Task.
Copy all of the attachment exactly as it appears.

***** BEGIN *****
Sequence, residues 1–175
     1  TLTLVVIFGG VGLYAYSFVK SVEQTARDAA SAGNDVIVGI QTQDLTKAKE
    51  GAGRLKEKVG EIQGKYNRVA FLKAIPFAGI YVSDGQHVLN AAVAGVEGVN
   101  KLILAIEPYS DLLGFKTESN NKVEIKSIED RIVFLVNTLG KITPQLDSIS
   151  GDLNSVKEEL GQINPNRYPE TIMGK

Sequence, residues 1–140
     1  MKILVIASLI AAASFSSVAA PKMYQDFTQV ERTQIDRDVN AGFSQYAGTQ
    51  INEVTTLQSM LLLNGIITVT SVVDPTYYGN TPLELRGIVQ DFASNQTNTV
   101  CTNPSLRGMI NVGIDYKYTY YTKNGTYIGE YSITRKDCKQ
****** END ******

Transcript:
Sequence, residues 1–175
     1  TLTLVVIFGG VGLYAYSFVK SVEQTARDAA SAGNDVIVGI QTQDLTKAKE
    51  GAGRLKEKVG EIQGKYNRVA FLKAIPFAGI YVSDGQHVLN AAVAGVEGVN
   101  KLILAIEPYS DLLGFKTESN NKVEIKSIED RIVFLVNTLG KITPQLDSIS
   151  GDLNSVKEEL GQINPNRYPE TIMGK

Sequence, residues 1–140
     1  MKILVIASLI AAASFSSVAA PKMYQDFTQV ERTQIDRDVN AGFSQYAGTQ
    51  INEVTTLQSM LLLNGIITVT SVVDPTYYGN TPLELRGIVQ DFASNQTNTV
   101  CTNPSLRGMI NVGIDYKYTY YTKNGTYIGE YSITRKDCKQ